If you don't need lots of bulk storage, it might also be worth going with a single large SSD rather than a smaller SSD paired with a hard drive. Installing games and applications to the SSD will improve their load times, so you would ideally want all your applications and regularly-played games on the SSD. Good 1TB SSDs can be had for a little over $100 now.
 

iXorizon

Commendable
Nov 4, 2016
103
1
1,695
2
Being happy with a motherboard is fine, but in general the motherboard should have minimal effect on performance, and it's probably not worth going with a very high-end board unless the rest of the system is also very high-end.

Personally, I would put that money toward components that will actually have a notable impact on how the system performs, like the graphics card. If the system is intended for gaming, putting that money toward graphics hardware could significantly improve frame rates. That 2070 in Hellfire's build, for example, can push around 40% higher frame rates than a 1660 Ti.

If you don't need lots of bulk storage, it might also be worth going with a single large SSD rather than a smaller SSD paired with a hard drive. Installing games and applications to the SSD will improve their load times, so you would ideally want all your applications and regularly-played games on the SSD. Good 1TB SSDs can be had for a little over $100 now.
Well yes i do agree that the motherboard does have minimal effect on performace, however as i said in my original post, i'll be puttin liquid cooling, and I also forgot to mention that i'll be buying all parts on Black Friday at a heavy discount (if they are), and if it meets within my budget (which is $1300) i could maybe afford an AIO and a Ryzen 7 3xxx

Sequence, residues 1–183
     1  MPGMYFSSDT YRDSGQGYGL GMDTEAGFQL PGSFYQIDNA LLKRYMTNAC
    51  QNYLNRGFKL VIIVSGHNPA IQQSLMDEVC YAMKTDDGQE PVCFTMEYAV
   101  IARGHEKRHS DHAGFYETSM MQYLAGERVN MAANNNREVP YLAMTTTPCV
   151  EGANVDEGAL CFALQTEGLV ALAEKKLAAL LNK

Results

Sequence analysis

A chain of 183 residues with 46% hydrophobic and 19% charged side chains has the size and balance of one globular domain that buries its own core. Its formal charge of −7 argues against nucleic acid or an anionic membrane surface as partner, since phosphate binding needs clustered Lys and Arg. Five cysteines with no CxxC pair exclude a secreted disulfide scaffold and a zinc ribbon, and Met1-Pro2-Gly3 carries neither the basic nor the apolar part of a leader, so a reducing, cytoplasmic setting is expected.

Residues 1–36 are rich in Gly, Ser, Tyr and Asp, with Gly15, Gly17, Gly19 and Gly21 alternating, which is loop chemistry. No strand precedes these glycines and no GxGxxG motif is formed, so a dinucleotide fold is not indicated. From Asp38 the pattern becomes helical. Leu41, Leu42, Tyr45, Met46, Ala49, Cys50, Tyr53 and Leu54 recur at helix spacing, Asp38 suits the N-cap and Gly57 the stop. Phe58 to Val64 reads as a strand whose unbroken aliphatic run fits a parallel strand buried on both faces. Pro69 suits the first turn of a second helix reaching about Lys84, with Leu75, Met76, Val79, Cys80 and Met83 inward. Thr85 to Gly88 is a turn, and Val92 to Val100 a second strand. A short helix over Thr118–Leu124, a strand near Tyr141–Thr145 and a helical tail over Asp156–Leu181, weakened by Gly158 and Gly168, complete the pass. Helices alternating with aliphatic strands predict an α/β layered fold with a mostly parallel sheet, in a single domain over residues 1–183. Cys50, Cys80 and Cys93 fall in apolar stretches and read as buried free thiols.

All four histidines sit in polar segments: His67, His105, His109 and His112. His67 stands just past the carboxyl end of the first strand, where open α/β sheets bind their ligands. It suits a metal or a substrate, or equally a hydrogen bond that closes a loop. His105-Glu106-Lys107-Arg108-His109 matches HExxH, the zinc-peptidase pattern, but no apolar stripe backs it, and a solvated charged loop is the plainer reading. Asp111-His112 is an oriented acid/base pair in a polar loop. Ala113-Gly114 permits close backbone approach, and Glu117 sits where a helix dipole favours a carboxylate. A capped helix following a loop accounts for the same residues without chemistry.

I need lots of bulk storage because that's where i keep my games that aren't hardcore, i'm not a heavy gamer and i only ever play games like overwatch, gta 5, or rust
 

iXorizon

Commendable
Nov 4, 2016
103
1
1,695
2
I am also going to be replacing the X570-E in there once a B550-E or B550-F comes out, and if it doesn't then i'll get a B450-E, cheaper by $100 and im going to put that money towards a better GPU, possibly a 1070 or 1070 Ti, because i'm not into that ray tracing stuff
 
...and im going to put that money towards a better GPU, possibly a 1070 or 1070 Ti, because i'm not into that ray tracing stuff
On average, a 1070 performs similar to a 1660 Ti in today's games, and a 1070 Ti tends to perform slightly behind a 2060. The newer cards have less VRAM, but they have updated hardware that may give them an edge in future titles, so I wouldn't pay any more for their prior-gen equivalents. The 1070 and 1070 Ti are no longer competitively priced, so they are generally not worth considering on the new market.

And for about $400, the 2060 Super restores that 8GB of VRAM and performs around 10% faster than a 2060, making the card definitively faster than a GTX 1080 and within 5% of the performance of a 2070. It's basically a slightly pared down 2070 at a significantly lower suggested price. The 2070 has in turn been discontinued and replaced with the 2070 Super at its prior price point, and as such, some 2070s can currently be found for about the price of a 2060 Super as well.

And if you don't care about hardware acceleration for raytraced lighting effects, AMD's new Radeon RX 5700 offers more performance on average than a 2060 (or a GTX 1080, for that matter), and the 5700 XT offers more performance than a 2070. Currently, only reference models with blower-style coolers are available at this time, but there should be more options for these cards in another month or so.